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I know from visiting many catholic churches that many require knees and shoulders to be covered, so dressing appropriately is essential for hassle-free travel. Are there similar rules that might apply when visiting a mosque?

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Is this question really travel related? –  Michael Pryor Jun 24 '11 at 18:20
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Why would it not be? I'm unlikely to be visiting unfamiliar places of worship unless I'm travelling, and appropriate clothing is something a traveler will need to keep in mind. –  fredley Jun 25 '11 at 0:44
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This kind of information is in print travel guides so I think it's on topic. I got in trouble last year when entering a Georgian Orthodox church that it turned out the travel guide did advise me about if I had looked. –  hippietrail Jun 25 '11 at 17:38
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def travel related, it's amazing how many times I've been in danger of causing offence, simply by wearing shorts! –  Mark Mayo Oct 1 '11 at 18:14
    
It might depend on the country, e.g. Turkey is more liberal than Iran (even in mosques)... –  dbkk Oct 2 '11 at 11:40

4 Answers 4

up vote 19 down vote accepted

The most common rules (may vary of course):

  • you have to remove your shoes.
  • men: trousers, not shorts
  • women: long skirt (or trousers)
  • women: shoulder and arms cannot be exposed
  • women: scarf (sometimes)
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Well, to be religiously specific. Men are required to cover their knees (a man's non showable area is from the belly button to the knees)so in many parts of the Muslim world it is ok to wear shorts long enough to well cover your knees(such as in main cities of Egypt, Lebanon, Tunisia, Jordan, Algeria and even Libya) outside of main cities I personally wouldn't recommend it. –  msk Nov 12 '11 at 18:44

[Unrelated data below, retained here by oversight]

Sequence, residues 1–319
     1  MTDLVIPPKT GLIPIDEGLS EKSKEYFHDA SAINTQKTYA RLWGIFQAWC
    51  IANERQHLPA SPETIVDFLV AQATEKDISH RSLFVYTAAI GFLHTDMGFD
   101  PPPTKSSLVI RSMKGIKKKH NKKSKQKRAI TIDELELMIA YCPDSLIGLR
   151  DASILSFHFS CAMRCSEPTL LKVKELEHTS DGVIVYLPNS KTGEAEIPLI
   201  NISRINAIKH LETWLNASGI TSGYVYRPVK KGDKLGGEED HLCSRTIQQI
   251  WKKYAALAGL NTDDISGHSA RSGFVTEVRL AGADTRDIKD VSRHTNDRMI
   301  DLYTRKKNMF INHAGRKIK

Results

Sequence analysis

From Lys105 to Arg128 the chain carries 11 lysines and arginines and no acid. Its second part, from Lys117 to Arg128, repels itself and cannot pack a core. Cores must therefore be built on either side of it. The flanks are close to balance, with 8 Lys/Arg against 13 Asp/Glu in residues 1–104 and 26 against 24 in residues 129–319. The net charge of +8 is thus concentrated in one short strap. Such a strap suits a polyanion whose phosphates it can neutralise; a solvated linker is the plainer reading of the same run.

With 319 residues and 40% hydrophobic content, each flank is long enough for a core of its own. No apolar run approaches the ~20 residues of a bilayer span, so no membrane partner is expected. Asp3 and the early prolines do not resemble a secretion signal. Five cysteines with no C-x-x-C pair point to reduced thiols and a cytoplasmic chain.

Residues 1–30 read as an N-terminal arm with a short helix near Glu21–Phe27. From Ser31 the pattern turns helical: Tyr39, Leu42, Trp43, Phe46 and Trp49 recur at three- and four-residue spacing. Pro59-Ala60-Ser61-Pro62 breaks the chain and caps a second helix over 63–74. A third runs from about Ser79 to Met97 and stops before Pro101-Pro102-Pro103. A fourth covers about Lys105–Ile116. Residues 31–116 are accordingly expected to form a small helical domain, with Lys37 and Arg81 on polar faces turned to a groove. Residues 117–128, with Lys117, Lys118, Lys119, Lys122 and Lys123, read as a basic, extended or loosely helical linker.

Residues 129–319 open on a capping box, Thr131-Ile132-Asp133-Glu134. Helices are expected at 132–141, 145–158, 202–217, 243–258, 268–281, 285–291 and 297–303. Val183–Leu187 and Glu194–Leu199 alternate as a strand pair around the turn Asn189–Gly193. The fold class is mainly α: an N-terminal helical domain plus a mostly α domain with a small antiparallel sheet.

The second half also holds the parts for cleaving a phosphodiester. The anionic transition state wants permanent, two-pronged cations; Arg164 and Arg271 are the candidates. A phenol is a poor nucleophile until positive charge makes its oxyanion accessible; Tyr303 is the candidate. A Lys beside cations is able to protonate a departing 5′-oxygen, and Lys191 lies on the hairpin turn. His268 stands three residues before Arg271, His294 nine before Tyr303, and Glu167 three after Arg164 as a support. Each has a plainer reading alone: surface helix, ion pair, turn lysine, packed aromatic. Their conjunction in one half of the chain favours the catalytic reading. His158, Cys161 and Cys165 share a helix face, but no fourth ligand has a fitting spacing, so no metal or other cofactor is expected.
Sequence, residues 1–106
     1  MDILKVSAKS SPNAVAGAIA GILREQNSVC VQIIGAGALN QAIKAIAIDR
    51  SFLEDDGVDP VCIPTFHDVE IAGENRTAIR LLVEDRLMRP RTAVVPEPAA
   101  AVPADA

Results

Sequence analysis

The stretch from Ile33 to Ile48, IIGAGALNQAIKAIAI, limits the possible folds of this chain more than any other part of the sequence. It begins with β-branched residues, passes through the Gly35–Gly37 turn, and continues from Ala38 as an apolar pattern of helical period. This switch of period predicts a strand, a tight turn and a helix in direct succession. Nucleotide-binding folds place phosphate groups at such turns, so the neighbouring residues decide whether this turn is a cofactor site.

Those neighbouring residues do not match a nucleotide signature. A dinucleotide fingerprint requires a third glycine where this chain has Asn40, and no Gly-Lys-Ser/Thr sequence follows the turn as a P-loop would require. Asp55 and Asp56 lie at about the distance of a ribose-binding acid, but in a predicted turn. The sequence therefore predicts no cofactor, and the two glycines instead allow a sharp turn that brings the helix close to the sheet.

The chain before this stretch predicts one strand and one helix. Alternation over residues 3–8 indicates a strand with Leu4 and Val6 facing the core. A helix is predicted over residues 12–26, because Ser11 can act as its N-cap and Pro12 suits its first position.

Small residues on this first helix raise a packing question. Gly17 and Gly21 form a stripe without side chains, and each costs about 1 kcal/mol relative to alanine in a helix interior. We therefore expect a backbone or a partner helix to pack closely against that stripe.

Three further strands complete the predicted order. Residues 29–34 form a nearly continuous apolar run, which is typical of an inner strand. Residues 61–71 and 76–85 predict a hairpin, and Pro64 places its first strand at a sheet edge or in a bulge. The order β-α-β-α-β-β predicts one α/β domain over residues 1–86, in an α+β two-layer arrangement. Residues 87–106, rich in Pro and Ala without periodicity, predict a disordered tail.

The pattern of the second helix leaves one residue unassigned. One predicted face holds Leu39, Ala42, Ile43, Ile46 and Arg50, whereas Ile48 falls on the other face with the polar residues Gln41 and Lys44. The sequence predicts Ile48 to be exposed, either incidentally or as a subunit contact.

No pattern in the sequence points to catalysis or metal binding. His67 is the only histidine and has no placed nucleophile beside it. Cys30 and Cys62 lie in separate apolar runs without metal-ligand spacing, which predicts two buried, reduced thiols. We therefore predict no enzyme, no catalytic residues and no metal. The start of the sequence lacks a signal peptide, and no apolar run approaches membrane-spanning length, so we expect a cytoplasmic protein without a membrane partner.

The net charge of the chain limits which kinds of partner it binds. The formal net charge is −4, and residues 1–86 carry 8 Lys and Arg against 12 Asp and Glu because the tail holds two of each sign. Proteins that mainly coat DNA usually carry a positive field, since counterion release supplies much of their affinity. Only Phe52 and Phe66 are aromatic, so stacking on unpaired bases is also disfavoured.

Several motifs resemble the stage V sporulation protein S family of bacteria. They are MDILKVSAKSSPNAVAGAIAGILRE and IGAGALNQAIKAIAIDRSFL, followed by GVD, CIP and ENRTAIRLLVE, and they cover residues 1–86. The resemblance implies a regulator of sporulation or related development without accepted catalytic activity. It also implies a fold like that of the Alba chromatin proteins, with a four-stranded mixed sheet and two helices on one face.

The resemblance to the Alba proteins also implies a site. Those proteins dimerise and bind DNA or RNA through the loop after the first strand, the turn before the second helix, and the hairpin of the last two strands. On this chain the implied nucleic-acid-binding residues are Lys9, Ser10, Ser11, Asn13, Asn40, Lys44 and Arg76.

for women, i would say for visiting mosque, scarf is almost always necessary ... –  kmonsoor Feb 18 '13 at 10:33

Clothing restrictions in mosques often vary from country-to-country, and even within mosques in a country. Everyone is asked to take their shoes off at an entrance area. For men, no shorts are allowed; for women, no skirts or bare shoulders, in addition to this some countries also mandate women to wear a scarf.

Those are the basics, but how 'welcoming' a mosque is to tourists depends usually on how many tourists visit a place. The more frequented ones often have robes that they give you for free to 'cover yourself up' in case your clothing is deemed inappropriate. Smaller and/or less frequented mosques may not have such provisions.

Off-topic: Mosques often have special entrances for non-Muslim visitors. Don't go barging in through the main entrance; if unsure, ask. Most mosques also do not allow visitors into the main prayer area. Having said that, most people - or staff, if the mosque has them - are friendly and will help you out with trying to resolve clothing restrictions or other questions.

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even they may lend something "ad-hoc" to cover you up. –  kmonsoor Feb 18 '13 at 10:35
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I would like to add a relevant fact with this good answer. rather than religious identity, entrance to mosques mainly depends on the "taharah (en.wikipedia.org/wiki/Taharah )" of the person in question. for example, muslim women (while on period) & men when they in need of mandatory shower are strictly prohibited to enter any mosque. hence, for men, a good shower is enough, whereas for women the fact will vary wildly depending on the location (while from scholar POV, well-showered and not-on-period is well enough). –  kmonsoor Feb 18 '13 at 10:51

Generally it would be said to you if you need to do some specific - rules are various from country to country and even from town to town.
I can't remember something applied to all except that you really should not eat or sleep there, or something like that :)
Dogs are banned too.
Calm, peaceful and polite non-Muslim will not attract negative energy during visiting the mosque.

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It does depend on the specific country and the norms of the place. In the Putrajaya Mosque in Malaysia you get given a pink robe to cover up, and even then you can't enter the mosque proper if you're not Muslim; yet while visiting the Netherlands with a youth travel group of all sorts of backgrounds (and attire) we were welcomed into a Turkish surau (a mini-mosque of sorts) as we are.

Loose and modest tends to be the way to go really.

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